We’d like to thank Chris Tebbetts for this guest blog post! Chris is faculty for Getting Your Middle Grade or Young Adult Unstuck. Thanks, Chris!
One of the exercises we’ll be doing at Getting Your Middle Grade or Young Adult Unstuck is all about encouraging writers to hone in on the kinds of things that stick to them the most, creatively speaking. I’m talking about favorite stories, persistent memories, influences on their creative lives, etc., all with an eye on identifying prospective core material from which we might draw for a current or future writing project. Feel free to play along as you read through the rest of this blog entry.
First, I ask my writers to take a minute or less to make a list of five favorite movies, or, for the cinematically disinclined, favorite books, books from childhood, t.v. shows, plays, video games…anything with a story. It’s not meant to be a definitive list, but a quickly-generated one that captures whatever items most quickly come to mind in that particular moment.
From there, I ask participants to look at their lists and see if they can discern any repeating motifs, ideas, or themes. It doesn’t have to be something that’s true for every title on the list; just any kind of repetition. For example, maybe your list includes several stories with strong female protagonists; or a lot of mysteries; or stories about loners; or about friendship; or…or…or….whatever it might be.
The exercise goes on from there, but the basic idea is about taking those repeating motifs and distilling them into possible material, either for a new story or a work in progress. My guess is that these elements, as we identify them, will bring a natural level of creative energy to the process. There are no guarantees, of course, but when I’m up against the difficult odds of completing a novel, I’ll take any leg up I can get.
All of this is easily adaptable to any other category, as long as it’s a list of things that describe you in some way. You might mine similarly valuable information from a list of your favorite childhood memories; turning points in your life; people whose memory haunts you; your best or worst days ever; things you covet; things you’re good (or bad) at…. and on, and on.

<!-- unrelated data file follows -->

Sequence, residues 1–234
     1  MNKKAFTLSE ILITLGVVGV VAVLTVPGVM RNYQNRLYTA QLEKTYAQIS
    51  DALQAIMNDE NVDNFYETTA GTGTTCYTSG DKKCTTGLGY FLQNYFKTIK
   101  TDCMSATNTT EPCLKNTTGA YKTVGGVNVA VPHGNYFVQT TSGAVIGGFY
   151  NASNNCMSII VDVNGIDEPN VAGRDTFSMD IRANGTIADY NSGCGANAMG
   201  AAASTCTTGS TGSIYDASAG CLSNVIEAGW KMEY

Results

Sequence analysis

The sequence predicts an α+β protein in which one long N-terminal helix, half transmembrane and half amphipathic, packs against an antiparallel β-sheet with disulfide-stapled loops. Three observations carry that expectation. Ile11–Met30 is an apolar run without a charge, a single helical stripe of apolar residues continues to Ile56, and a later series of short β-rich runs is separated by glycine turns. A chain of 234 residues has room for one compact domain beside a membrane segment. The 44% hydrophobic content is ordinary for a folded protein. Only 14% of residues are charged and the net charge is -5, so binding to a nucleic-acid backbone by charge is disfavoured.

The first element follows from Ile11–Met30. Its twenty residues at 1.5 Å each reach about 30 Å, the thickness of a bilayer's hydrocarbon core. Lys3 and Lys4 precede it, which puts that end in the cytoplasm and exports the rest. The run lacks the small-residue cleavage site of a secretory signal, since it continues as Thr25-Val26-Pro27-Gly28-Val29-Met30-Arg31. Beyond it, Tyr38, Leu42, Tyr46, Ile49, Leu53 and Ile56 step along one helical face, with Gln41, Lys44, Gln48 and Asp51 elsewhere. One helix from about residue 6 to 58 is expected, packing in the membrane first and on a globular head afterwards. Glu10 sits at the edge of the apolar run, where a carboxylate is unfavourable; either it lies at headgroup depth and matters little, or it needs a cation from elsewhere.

In the spirit of all that, here’s another twist on the idea—a list of questions you might use in a similar way. I’ve included my own answers as well, which skew toward middle grade fiction, since that’s what I’m working on these days, but feel free to adapt any of this for your own purposes.
However you use it, the question remains the same: what repetitions do you see in your answers? What themes? What possible core material might be embedded here, just waiting to be noticed?
1) The first novel I can remember having an emotional impact on me. (Harriet the Spy, by Louise Fitzhugh)
2) The first (or any) novel I can remember reading in one sitting. (The Big Joke Game, by Scott Corbett)
3) The first author to earn my loyalty as a reader and keep me coming back for more. (A tie: Beverly Cleary and Roald Dahl.)
4) The first character I remember wanting to be. (Charlie Bucket, in Roald Dahl’s Charlie and the Chocolate Factory.)
5) The first book I can remember reading over and over. (Tales of a Fourth Grade Nothing, by Judy Blume)
6) The first fan fiction I ever wrote. (A story featuring my own adventures for Homer Price.)
7) The first book I can remember buying with my own money. (The Littles, by John Peterson)
8) A novel that made me cry. (The Miraculous Journey of Edward Tulane, by Kate DiCamillo)
9) A novel that made me laugh out loud. (Cosmic, by Cottrell Boyce)
10) My favorite middle grade reads of the last year. (The Bridge Home, by Padma Venkatraman; Where the Heart Is, by Jo Knowles; A Time Traveler’s Theory of Relativity, by Nicole Valentine; The War that Saved My Life, by Kimberly Brubaker Bradley)
Getting Your Middle Grade or Young Adult Unstuck
May 17-21, 2020
Posted on: February 28, 2020